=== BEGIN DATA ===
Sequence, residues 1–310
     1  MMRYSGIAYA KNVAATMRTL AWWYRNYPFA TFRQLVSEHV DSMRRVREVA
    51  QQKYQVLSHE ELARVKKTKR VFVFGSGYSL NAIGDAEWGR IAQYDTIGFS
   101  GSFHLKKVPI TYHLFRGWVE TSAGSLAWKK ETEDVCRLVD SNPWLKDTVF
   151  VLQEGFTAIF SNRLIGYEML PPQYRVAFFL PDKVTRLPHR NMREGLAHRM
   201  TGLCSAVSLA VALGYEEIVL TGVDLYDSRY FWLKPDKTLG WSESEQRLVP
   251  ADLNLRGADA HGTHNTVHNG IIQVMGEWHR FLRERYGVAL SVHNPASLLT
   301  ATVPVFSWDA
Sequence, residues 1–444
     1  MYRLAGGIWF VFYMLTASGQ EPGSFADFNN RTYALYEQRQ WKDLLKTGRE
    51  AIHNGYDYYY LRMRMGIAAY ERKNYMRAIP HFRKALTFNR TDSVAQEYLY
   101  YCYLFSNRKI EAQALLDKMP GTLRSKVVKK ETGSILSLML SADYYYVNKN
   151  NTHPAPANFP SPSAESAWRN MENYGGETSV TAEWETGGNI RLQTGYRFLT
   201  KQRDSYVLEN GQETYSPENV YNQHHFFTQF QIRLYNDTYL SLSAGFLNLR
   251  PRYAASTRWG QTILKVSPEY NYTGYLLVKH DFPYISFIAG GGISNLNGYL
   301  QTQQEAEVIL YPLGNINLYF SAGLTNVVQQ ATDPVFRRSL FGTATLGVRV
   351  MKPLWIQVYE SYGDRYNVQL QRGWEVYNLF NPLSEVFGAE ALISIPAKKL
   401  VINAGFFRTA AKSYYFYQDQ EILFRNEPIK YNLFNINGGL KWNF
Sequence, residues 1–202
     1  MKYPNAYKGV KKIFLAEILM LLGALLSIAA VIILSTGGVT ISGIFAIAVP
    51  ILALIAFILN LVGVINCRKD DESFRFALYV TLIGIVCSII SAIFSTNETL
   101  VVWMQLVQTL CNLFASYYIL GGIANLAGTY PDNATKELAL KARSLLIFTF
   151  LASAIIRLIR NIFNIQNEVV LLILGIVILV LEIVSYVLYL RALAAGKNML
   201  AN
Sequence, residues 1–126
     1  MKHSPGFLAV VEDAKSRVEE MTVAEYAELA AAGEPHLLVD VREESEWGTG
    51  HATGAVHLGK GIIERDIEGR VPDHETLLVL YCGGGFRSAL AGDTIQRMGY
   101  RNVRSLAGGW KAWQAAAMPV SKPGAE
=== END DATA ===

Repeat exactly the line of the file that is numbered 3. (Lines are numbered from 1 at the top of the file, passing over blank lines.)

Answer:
    51  QQKYQVLSHE ELARVKKTKR VFVFGSGYSL NAIGDAEWGR IAQYDTIGFS